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University of South Florida staff pay questioned by state auditor

From elementary schools to state universities, many educational facilities make use of local, state or federal funds to purchase equipment, maintain buildings or pay staff. The use of public funds means the schools must comply with certain regulations. In the case of staff pay at the University of South Florida, a state auditor has brought several civil education matters to light.

According to the audit, which was completed during the summer of 2013, at least four current or former employees of the university are receiving compensation that exceeds allowed limits set by the state. While the state doesn't necessarily set limits on university pay, it does limit the amount of state funds that can be used to pay staff. The limit for administrative staff is $200,000 per year.

The state also limits the number of weeks severance pay that can be paid. According to the audit, the school's head football coach is receiving severance pay that calculates to $1.7 million over a 20-week limit. When the coach was fired, university officials negotiated a $2.5 million severance package.

The university contends the funds paid to the coach don't violate the law because the extra funds are compensation for early termination of the contract. The auditor disagrees with this assertion, stating that the payments appear to fall under the law's definition of severance pay. At this time, the disagreement stands regarding the coach's pay.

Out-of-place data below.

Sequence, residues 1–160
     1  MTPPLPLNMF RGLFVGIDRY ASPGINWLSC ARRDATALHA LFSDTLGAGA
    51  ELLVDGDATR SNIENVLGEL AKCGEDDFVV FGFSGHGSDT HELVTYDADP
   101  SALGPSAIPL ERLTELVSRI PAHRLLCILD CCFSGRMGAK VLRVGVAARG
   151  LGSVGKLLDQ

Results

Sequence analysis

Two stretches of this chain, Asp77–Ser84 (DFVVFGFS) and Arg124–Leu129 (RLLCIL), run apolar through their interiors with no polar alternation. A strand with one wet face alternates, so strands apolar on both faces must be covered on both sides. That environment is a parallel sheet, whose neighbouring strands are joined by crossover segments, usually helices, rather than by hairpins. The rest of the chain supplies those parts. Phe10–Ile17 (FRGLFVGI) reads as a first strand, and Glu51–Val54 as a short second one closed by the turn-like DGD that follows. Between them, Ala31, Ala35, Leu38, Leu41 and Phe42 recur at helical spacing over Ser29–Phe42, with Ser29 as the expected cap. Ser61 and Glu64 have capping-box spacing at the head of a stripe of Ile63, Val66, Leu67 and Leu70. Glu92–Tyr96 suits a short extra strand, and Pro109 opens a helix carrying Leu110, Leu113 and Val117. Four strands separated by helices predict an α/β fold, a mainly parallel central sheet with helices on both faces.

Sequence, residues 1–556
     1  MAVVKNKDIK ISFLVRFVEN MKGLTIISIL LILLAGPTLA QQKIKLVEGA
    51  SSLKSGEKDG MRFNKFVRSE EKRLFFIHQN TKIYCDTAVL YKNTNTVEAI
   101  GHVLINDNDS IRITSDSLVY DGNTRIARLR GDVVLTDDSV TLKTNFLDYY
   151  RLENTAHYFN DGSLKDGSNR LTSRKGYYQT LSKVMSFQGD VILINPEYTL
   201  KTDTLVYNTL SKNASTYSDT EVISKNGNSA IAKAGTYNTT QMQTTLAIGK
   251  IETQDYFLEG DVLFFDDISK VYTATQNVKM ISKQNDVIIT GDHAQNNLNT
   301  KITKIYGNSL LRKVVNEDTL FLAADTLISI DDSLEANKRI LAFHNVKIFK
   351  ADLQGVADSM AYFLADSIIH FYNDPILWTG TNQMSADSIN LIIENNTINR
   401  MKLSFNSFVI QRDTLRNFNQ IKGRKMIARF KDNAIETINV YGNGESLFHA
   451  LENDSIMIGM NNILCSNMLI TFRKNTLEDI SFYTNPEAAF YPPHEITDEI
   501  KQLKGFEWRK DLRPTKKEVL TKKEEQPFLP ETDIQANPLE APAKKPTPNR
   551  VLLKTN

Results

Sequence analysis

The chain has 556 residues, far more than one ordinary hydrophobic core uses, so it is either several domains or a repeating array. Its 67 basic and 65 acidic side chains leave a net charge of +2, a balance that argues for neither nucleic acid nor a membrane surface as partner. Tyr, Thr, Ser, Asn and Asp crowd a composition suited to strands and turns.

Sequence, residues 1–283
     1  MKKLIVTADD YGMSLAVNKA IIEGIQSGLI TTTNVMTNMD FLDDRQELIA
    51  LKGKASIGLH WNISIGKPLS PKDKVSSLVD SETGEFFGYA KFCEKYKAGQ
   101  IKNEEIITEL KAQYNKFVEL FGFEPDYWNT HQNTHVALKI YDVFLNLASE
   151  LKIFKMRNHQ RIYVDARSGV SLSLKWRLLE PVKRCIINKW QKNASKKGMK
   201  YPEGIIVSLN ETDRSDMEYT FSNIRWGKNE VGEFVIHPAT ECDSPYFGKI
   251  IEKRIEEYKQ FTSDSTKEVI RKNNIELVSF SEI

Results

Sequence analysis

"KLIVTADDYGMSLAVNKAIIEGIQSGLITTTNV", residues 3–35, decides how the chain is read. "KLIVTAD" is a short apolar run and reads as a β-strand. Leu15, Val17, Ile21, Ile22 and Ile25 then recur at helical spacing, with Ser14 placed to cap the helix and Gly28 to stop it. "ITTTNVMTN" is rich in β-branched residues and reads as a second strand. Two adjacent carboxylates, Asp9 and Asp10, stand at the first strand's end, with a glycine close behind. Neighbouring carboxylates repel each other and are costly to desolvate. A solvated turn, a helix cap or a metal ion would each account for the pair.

The university has agreed to make pay changes for three administrative staff, however. The three staff members were all paid over the $200,000, though the university attempted to argue that the individuals were better classified as teachers, who are exempt from the limitation rule. The auditor didn't agree with this argument, so the university agreed to fund any compensation over $200,000 per year from private accounts.

Education law varies from location to location, and that includes issues related to funding and finance. With so many details to keep track of, it's easy for school systems to fall outside of rules from time to time. Taking action to correct errors quickly is one of the best ways to keep out of further legal entanglements.

Source: The Tampa Tribune, "Auditor: USF bent state law with payouts" Jerome R. Stockfisch, Dec. 19, 2013

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